You should by now start to have a good handle on your story, but one thing which is essential, and may prove quite challenging, is to devise a timeline for your story. Over how long is this story taking place? Decades, years, months, days, hours? It makes a difference to the way you tell your story and its intensity. If you have no idea of the timeline for the story arc, neither will you readers. That may not matter in some instances, but to your reader is wil mostly just look like holes in your plot.
Tying It All Together
This is where your imagination can go into overdrive and you start constructing your scenes. In tying together all the points on your story arc, the thing to remember is that every Plot Point, Story Beat, and Reveal, must relate to both the item before it and the item after it in a logical progression, to form a complete coherent story. Getting from one item to another may be a simple step or may require a number of different scenes.
As I said before, I find a spreadsheet to be the most useful tool at this point. The spreadsheet will grow further once we construct our characters, and talk in detail about scene construction, but for the moment the headings on my spreadsheet will start to look something like this:
The image is a bit small so here is the list of headings on our spreadsheet so far:
- Scene – Brief Description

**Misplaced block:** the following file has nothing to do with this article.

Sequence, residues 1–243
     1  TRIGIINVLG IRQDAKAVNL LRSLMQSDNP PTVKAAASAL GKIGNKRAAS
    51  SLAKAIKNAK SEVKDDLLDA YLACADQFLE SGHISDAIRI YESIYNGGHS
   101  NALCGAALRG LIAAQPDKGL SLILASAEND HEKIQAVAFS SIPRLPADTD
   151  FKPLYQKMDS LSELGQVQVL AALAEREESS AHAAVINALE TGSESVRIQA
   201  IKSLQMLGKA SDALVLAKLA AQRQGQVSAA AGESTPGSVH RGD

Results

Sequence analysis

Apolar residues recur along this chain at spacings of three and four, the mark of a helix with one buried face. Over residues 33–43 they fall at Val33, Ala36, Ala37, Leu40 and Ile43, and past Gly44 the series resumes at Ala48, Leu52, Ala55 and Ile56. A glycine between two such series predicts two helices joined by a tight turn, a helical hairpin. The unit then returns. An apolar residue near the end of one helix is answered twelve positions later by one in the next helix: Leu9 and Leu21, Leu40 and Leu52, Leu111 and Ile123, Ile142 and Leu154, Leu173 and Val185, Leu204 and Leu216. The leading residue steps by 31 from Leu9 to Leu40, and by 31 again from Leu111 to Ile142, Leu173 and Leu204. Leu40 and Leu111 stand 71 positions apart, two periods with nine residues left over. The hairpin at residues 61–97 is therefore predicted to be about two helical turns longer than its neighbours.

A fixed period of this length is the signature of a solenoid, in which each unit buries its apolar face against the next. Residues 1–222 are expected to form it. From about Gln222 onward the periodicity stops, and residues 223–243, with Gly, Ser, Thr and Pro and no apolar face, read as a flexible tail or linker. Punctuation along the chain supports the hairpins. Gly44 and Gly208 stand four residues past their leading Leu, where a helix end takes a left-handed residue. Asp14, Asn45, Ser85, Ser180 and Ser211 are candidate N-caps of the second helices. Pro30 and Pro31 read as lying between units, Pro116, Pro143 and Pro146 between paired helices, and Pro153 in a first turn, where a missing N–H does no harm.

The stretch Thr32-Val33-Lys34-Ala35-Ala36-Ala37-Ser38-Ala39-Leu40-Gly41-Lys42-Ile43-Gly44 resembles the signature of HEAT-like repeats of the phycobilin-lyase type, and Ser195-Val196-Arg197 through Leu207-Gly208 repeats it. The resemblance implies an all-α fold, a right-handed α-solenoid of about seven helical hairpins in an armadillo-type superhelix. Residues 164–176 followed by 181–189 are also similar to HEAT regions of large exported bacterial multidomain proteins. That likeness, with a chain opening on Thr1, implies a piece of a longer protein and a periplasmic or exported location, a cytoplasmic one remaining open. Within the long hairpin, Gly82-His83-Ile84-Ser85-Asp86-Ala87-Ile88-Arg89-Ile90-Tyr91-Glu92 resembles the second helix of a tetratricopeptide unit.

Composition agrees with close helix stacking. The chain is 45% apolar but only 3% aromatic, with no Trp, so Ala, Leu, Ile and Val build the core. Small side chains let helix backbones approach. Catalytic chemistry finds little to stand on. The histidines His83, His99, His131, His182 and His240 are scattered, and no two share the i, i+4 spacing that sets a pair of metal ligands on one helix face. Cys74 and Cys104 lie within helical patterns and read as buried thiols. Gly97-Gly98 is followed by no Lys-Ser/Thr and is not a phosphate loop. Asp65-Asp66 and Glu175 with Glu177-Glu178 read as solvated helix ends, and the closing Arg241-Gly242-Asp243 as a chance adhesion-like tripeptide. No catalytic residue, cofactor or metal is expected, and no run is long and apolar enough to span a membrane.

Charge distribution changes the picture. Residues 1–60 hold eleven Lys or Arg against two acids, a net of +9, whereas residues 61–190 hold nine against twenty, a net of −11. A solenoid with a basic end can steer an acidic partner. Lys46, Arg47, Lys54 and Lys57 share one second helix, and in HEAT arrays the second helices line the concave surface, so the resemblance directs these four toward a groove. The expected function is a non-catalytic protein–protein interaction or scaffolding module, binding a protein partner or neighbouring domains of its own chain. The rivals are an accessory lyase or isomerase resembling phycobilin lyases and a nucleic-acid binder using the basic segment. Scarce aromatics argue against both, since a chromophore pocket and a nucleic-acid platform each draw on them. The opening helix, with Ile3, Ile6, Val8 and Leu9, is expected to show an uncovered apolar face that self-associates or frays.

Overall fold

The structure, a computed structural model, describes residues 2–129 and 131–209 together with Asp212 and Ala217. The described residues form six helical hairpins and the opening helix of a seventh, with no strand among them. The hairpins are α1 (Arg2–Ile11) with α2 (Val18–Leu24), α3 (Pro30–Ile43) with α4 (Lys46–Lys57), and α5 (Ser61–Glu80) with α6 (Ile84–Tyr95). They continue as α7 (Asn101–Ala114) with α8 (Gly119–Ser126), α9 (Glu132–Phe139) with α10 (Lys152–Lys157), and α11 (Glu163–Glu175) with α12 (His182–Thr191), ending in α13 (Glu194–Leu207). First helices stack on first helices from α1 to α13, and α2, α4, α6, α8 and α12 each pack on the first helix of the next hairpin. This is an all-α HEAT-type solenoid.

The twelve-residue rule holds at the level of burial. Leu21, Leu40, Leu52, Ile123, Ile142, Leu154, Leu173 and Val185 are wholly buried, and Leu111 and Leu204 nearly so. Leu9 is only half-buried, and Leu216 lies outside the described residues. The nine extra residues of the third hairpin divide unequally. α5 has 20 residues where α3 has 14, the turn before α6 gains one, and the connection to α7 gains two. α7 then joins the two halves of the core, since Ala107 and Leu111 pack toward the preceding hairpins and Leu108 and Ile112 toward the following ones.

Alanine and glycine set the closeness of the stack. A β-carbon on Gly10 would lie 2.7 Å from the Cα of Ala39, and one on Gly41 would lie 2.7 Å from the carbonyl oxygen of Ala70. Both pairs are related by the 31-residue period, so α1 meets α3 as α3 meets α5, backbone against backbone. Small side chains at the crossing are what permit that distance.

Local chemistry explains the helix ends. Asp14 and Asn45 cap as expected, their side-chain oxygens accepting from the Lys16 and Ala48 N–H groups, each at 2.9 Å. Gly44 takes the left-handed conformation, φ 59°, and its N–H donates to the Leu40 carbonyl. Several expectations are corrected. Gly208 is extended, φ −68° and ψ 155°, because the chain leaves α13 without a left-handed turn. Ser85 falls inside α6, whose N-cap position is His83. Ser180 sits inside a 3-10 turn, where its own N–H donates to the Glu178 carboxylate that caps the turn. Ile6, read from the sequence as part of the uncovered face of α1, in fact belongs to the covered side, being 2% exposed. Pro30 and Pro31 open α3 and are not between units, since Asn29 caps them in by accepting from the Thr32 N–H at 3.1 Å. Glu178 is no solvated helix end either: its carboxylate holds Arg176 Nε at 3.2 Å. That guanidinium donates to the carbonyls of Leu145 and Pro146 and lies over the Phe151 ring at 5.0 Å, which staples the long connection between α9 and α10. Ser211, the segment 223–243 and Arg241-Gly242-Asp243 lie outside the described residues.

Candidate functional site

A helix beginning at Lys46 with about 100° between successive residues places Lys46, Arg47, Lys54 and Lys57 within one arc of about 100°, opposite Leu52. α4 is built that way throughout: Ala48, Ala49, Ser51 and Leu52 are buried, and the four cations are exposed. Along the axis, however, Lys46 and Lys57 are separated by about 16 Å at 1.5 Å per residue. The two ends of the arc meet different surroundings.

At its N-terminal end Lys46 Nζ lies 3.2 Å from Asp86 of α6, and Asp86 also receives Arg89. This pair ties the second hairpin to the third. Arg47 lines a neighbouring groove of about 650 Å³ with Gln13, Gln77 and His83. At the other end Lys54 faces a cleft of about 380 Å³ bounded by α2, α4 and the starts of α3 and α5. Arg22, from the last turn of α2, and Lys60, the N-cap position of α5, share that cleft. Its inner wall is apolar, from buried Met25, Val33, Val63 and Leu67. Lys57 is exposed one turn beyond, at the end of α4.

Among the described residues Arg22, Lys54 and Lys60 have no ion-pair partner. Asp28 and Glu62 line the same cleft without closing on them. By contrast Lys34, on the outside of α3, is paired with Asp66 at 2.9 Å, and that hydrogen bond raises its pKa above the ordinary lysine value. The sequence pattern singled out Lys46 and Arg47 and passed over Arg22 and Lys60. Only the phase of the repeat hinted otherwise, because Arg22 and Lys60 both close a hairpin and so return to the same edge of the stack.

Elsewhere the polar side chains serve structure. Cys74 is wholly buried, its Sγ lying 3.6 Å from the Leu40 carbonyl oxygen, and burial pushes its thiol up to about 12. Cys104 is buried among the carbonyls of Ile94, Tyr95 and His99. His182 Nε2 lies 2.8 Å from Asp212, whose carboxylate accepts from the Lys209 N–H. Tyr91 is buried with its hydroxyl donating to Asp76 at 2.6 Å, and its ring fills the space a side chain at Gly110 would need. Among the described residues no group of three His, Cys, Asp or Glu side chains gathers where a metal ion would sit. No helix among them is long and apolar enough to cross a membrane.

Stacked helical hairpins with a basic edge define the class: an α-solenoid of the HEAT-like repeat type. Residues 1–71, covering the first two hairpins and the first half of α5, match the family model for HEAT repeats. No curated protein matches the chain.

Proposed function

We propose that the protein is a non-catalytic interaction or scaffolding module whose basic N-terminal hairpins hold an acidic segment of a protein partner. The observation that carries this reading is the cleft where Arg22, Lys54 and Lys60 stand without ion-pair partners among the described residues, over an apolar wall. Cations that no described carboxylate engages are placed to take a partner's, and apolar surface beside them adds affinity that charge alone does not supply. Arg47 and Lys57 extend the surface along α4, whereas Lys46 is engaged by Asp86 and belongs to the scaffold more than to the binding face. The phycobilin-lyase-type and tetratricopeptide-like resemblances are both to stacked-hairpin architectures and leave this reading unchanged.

- Scene Type (Story Arc) – Plot Point, Story Beat, Reveal, Character development, Sub Plot
- Sub Plot 1 – Development/Sub Plot Story Arc
- Sub Plot 2, 3 ,etc – as many or as few as you want, just remember to list them all
- Thematic Development
- Symbolic Development
Each scene, except the first and the last, will also have to relate to the one before it and the one after. Of course, in the finished novel there is no requirement to show all the scenes in chronological order, or even to include all the scenes, but at the planning stage the author does need to know/understand how the whole story fits together.
If you are anything like me, once you have an idea of where your story is going, you will probably have started to write out some of the key scenes along the story arc. Let’s face it, that’s the fun part; that’s why we write.
Now you need to tie all the scenes together and plan how you are going to get from one scene to another.
If you can’t work out a particular scene flow, then work backwards. What has to happen in scene Y in order for scene Z to happen, what has to happen in scene X for scene Y to happen, what needs to happen in scene W… you get the idea. We will look at scene construction in more detail in another article.
Learning The Skills
Learning how to weave together all the different elements of a novel length plot, the story arcs, the character journeys, sub plots, etc, is a skill particular to novel writing that you will have to learn and practice.
One way to do this is to write novellas (stories 20,000 – 30,000 words in length), that way you can practice writing lots of stories with a novel type structure. You can always do a series and string them together as a full novel later on with a common theme/aim. I wish someone had advise me of this early on in my writing journey – instead I launched into writing a full 80,000 word novel. My learning curve would have been much shorter if I had written smaller novels more frequently. For instance, tying together all the different strands at the end of the story, is a particular skill, if I had written novellas, I would have had more practice in this area.
In the next article we will start to construct our characters.
- Dripping Tap Gif: Wikimedia Commons
- Weaving: Gifsoup
- All other images: my own
Previous Posts in The Novel Writing Series
1. Writing Workshop – Constructing a Novel
2. Writing Workshop – Constructing the Story – Part 1